I knew it had to happen some day. Bruno stopped eating a little over a week ago and when his decline went into suffering (his purr box broke near the end, it was heartbreaking) we were lucky enough to get an angelic female vet and assistant (Bruno likes women and is afraid of men) to perform the kindest, gentlest euthanasia at at home. I have the flu so I was in bed with him his last several days; there’s nothing he would have wanted more, I think. I still have the flu, and a broken heart, but I’m very grateful for the 10 years of love this wonderful cat gave me.
Now with bodies! No matter what I did, the Muse kept guiding me toward symmetry, especially adding the body. Yes it has 5 legs, like a Shedu. Yes it looks like a sheep. A powerful, gigantic, terrifying monster sheep. I still haven’t decided whether it will have 3 faces or 5.
This small project took a long time to finish, because it’s hot and my interest in sewing has dropped precipitously. I only touched it every few days, and then usually for less than an hour at a time. Anyway, it’s done now, and on my floor:
Just like Bruno himself. Here’s the source photo, taken a few years ago but not at all an unusual pose:
And here’s what it became in fabric and thread:
It’s 30.5″ x 17″. Very small compared to what I’ve been making lately. Here’s the back:
This technique looks a lot better stretched, as in Air/Nude. But since the black side has contrasting thread, it’s OK.
The quilt came out smaller than I expected. Bruno is a huge cat, this quilt leaves the impression of a normal-size cat. Here’s Bruno being an art critic: But before I got the camera out he was trying to sit on it, which I interpret as praise.
Read the whole thing, it’s one of those ideas that’ll stay with you. Excerpt:
There is now a pretty strong consensus that the cerebral cortex (which is, by no means, the entire brain, but it is likely that this is where culture is carried) is organized into small columns of neurons. In a 1978 essay Vernon Mountcastle called these minicolumns and suggested that they have about 100-300 neurons each. He estimated that the neocortex consists of 600,000,000 of these minicolumns. He also suggested that these minicolumns are organized into macrocolumns, about 600,000 of them — implying that there are hundreds of minicolumns per macrocolumn. (Mountcastle was clear that these numbers were just order of magnitude estimates & that is all I need for my purposes.) That makes these macrocolumns roughly the size of a typical invertebrate nervous system of 10K to 100K neurons. So, here’s my metaphor: Your neocortex consists of 600,000 buzzing bees going about their business.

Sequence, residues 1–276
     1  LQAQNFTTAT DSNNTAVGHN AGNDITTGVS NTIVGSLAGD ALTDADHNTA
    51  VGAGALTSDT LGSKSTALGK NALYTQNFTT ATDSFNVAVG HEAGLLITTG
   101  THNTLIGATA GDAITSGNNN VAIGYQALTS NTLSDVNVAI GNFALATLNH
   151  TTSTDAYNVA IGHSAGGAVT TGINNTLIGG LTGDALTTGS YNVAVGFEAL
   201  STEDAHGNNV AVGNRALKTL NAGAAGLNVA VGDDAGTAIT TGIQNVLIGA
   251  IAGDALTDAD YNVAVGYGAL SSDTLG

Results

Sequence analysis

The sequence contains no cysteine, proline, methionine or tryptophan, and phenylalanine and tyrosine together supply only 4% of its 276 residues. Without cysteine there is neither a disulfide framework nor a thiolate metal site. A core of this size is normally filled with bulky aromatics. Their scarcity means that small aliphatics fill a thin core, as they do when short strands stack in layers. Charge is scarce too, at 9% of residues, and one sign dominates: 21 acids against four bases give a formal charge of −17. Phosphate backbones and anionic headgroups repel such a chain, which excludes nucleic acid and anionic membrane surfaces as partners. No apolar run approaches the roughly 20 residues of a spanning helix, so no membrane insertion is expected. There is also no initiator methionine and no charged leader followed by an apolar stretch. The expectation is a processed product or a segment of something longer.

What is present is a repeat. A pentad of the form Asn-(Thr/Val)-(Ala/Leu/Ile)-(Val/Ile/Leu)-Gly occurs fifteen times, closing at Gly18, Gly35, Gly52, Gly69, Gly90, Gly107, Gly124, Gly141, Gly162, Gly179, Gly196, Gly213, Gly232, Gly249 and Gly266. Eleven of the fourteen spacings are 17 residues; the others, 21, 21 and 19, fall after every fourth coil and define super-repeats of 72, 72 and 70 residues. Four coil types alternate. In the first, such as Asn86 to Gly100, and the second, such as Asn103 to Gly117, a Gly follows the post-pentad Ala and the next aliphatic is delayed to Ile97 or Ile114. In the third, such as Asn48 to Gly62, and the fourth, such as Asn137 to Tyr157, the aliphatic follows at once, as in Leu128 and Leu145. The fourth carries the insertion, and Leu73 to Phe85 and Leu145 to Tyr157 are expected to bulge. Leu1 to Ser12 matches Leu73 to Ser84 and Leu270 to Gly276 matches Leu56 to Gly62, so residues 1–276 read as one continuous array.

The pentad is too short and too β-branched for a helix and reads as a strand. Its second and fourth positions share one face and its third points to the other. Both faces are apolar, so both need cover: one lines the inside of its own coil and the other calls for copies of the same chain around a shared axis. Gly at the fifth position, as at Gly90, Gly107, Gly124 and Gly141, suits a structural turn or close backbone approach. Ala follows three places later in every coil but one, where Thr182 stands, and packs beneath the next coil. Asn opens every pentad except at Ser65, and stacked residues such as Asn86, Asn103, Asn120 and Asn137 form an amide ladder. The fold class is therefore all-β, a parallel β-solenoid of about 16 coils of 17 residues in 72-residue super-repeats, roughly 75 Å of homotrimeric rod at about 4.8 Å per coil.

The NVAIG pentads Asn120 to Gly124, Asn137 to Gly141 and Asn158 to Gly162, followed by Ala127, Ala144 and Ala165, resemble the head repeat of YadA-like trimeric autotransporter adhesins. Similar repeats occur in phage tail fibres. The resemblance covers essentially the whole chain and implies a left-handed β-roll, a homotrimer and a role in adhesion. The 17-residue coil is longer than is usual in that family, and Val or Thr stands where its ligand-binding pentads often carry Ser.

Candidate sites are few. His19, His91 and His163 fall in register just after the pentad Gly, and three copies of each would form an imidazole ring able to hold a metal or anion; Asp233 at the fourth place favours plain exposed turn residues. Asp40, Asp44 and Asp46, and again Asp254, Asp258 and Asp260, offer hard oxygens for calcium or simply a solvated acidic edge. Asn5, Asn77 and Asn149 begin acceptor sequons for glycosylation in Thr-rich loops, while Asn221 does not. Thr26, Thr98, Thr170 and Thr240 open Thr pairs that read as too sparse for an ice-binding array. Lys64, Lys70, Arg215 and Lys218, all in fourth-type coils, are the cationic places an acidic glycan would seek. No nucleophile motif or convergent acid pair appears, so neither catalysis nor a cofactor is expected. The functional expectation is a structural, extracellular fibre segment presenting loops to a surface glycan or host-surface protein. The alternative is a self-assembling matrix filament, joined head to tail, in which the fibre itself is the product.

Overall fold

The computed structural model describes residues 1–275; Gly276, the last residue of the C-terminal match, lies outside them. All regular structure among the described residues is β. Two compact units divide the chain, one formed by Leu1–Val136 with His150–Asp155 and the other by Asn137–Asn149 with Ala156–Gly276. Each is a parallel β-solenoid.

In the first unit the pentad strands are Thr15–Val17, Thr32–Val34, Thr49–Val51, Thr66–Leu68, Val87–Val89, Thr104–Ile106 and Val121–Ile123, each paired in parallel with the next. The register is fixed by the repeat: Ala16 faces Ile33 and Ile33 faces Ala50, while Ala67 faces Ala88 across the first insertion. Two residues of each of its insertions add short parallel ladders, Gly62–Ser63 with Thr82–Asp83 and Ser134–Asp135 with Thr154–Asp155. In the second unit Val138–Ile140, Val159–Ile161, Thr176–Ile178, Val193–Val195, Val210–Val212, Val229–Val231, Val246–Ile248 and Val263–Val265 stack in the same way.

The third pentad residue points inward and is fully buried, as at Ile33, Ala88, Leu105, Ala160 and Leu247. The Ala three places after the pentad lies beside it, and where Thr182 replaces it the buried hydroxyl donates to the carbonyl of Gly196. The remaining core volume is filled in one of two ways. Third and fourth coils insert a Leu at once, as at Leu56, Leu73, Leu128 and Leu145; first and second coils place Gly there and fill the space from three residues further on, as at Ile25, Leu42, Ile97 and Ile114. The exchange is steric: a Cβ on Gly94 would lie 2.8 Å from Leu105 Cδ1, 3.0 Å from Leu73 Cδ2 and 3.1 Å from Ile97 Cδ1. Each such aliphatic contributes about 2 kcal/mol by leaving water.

The point of the metaphor is that, just as individual bees are autonomous agents (which must, nonetheless, feed and reproduce in a group), so the macrocolumns are autonomous agents (which are physically coupled to many other such agents). Bees go about their business by sensing optical and chemical gradients and features and by moving their bodies and excreting chemicals. The macrocolumns are not directly connected to the external world, but they have extensive inputs and outputs to other macrocolumns and to other regions of the brain and nervous system. From a purely information processing point of view, they are as capable of action as are bees. They “sense” neurochemical gradients in the intersynaptic space and act on their sensations by excreting chemicals into that space.
My friend Ken Levis named this beautiful, shy, wild yet affectionate creature “Peanut,” which may explain why she hides most of the time. I’m the only human other than Ken she will leave her hiding place in the closet for, and I’m cat-sitting this weekend. Peanut trusts me, but she doesn’t trust cameras, so I had to take these pictures from a distance with maximum zoom. If she finds out I turned her into this silly animated gif, she may never let me rub her belly again.